If the flag is on at step S210, the operation proceeds to step S213, where the ink sheet conveying motor 25 is rotated by one step, for example. Next, proceeding to step S214, a check is made to determine whether or not the ink sheet supply roller 17 is rotated, that is, the photo interruptor 62 has detected the passage of the slit 63, based on a signal from the photo interruptor 62. If the ink sheet supply roller 17 is not rotated at step S214, the operation proceeds to step S215, where a check is made to determine whether or not the ink sheet conveying motor 25 is rotated by a predetermined amount. In this way, a check for the disconnection of the ink sheet 14 and the slackness removal of ink sheet are performed. Thus, if the ink sheet supply roller 17 is not rotated regardless of a predetermined amount of rotation for the ink sheet conveying motor 25, a message of checking the cartridge is indicated at step S216, because there is a possibility that the ink sheet may be disconnected, for example. Then at step S217, the operation transfers to an error process to wait for the exchange of the cartridge. If the cartridge is exchanged in the error process at step S217, the operation returns to step S202.

In this way, if the rotation of the ink sheet supply roller 17 is not detected in the course from step S213 to step S217, notwithstanding that the cartridge is detected to be present at step S211, an error is judged to indicate a false condition in which the cartridge is present but the ink sheet is disconnected or used up, whereby it is possible to check to see whether or not the ink sheet is currently available.

If the cartridge is exchanged in this way, the operation proceeds from step S202 to step S203, where the flag of the RAM 115 i s set to be on.

On the other hand, if the ink sheet supply roller 17 is detected for a predetermined amount of rotation in accordance with the rotation of the ink sheet conveying motor 25, it is considered that the slackness of ink sheet 14 is removed, and thus the operation proceeds to step S218, where the number of driving steps for the ink sheet conveying motor 25 to be driven while the slit 63 of the N-value sensor 61 is turned from on to off or from off to on is obtained. And at step S219, the take-up diameter of the ink sheet take-up roll 18 is obtained based on the number of driving steps. The calculation of the take-up diameter was detailed in the explanation of the expressions (9) to (12) as previously described, and will be omitted here. Then, at step S220, the number of driving steps for the ink sheet conveying motor 25 for one line of the recording sheet 11 is determined in accordance with the recording mode such as the super fine mode or fine mode, based on the take-up diameter which was obtained at step S219. In practice, this allows the conveying speed of the ink sheet 14 to be changed in accordance with the recording mode, as the conveying speed of the recording sheet 11 is constant. For example, the conveying speed of the recording sheet 11 is 400 pps in the super fine mode, and the conveying speed of the ink sheet 14 is 800 pps or 1200 pps.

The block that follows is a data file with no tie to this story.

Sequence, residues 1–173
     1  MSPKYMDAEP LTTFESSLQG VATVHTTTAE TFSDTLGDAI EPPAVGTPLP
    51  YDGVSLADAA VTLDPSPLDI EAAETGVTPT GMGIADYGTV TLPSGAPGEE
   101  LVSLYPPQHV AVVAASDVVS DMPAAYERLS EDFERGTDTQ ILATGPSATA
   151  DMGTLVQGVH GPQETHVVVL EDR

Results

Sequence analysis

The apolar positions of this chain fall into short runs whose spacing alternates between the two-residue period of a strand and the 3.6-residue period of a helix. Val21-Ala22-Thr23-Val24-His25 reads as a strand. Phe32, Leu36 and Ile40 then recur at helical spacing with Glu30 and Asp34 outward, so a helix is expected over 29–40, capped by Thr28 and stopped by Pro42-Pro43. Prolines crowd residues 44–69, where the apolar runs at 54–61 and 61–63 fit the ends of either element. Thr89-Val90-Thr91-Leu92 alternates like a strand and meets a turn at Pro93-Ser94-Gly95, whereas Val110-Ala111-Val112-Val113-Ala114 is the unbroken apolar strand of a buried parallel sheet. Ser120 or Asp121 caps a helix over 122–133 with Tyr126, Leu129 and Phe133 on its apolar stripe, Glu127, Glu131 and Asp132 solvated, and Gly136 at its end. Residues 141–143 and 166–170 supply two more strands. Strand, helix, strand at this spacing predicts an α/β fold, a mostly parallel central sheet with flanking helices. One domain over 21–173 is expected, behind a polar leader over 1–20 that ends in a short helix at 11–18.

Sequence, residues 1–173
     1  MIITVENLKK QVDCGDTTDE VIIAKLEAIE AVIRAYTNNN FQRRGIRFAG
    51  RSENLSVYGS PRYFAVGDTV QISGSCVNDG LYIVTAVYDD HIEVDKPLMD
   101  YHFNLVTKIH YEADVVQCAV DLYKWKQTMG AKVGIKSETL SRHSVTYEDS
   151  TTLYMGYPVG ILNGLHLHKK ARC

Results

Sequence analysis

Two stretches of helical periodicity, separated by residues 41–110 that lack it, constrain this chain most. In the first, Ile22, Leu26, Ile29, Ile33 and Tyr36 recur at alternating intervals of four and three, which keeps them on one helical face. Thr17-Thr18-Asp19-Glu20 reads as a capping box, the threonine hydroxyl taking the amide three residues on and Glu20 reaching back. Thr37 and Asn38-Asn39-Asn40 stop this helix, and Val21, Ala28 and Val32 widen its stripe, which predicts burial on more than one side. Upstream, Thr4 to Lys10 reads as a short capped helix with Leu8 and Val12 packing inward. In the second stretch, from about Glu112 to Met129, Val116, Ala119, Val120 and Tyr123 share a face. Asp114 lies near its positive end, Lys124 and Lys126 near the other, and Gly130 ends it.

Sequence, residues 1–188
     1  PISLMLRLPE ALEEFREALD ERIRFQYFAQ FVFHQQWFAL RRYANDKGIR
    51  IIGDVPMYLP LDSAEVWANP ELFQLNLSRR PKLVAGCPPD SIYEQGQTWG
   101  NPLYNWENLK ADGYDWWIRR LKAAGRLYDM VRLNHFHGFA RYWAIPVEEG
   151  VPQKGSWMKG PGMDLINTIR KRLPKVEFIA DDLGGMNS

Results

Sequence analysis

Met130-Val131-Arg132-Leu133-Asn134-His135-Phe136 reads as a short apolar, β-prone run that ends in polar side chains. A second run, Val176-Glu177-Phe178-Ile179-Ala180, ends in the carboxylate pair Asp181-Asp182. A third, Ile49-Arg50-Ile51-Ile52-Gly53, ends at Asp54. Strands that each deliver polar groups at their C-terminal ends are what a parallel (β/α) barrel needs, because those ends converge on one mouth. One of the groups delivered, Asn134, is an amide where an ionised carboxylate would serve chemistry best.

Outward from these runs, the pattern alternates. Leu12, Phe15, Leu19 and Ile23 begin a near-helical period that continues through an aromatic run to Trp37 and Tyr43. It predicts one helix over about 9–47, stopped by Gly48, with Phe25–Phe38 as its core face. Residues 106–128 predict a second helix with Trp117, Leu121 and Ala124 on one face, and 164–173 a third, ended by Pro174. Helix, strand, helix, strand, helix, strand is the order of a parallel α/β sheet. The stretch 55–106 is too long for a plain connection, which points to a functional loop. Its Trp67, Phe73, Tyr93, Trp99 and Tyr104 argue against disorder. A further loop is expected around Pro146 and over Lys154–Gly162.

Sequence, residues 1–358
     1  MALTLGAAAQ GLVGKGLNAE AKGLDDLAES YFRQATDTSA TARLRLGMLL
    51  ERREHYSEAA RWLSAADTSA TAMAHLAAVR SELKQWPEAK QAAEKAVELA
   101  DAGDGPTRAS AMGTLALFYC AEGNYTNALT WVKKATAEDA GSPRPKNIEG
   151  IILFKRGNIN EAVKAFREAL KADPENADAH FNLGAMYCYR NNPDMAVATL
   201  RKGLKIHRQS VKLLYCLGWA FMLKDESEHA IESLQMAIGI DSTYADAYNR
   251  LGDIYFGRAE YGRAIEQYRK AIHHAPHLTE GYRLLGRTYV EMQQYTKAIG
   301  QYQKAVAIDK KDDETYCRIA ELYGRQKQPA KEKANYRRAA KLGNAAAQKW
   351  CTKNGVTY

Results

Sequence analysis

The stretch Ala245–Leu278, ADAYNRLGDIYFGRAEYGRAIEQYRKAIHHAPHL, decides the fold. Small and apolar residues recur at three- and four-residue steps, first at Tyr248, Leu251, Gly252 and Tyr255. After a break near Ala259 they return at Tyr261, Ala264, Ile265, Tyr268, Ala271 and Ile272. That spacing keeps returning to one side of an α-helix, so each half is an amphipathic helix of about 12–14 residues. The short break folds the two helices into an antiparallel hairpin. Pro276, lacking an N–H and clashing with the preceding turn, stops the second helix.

Next, proceeding to step S221, the flag is turned off to reset the exchange mode of the ink sheet cartridge. And tile operation returns to step S202 to repeat: the processing as above described.

The ratio n of the conveying speed of the recording sheet 11 to that of the ink sheet 14 can be arbitrarily set by arbitrarily designing the relation between a gear transmission reduction ratio of the ink sheet driving transmission gears 66, 67, and a gear transmission reduction ratio of the platen driving transmission gears 26, 27. Also, the value n can be arbitrarily changed by changing the frequency ratio of phase excitation signal for the ink sheet motor driver 49 to that for the recording sheet motor driver 48. Further, tile value n can be arbitrarily changed by selecting arbitrarily the step feed angle for each phase excitation signal for tile ink sheet conveying motor 25 and the recording sheet conveying motor 24. Thereby, the recording sheet 11 is conveyed by one line in the direction of arrow b in FIG. 2, when recording for one line, while the ink sheet 14 is conveyed by 1/n line in the direction of arrow a.

As above described, according to this example, in the thermal transfer recording in which the length of the ink sheet 14 to be used in recording is L/n (n>1) for a predetermined recording length L, the conveyance length of the ink sheet relative to the conveyance length of the recording sheet can be always constant in recording, by determining the take-up diameter of the ink sheet when the ink sheet cartridge is exchanged, or when the power is turned on, and accordingly, switching the number of driving steps for the ink sheet conveying motor.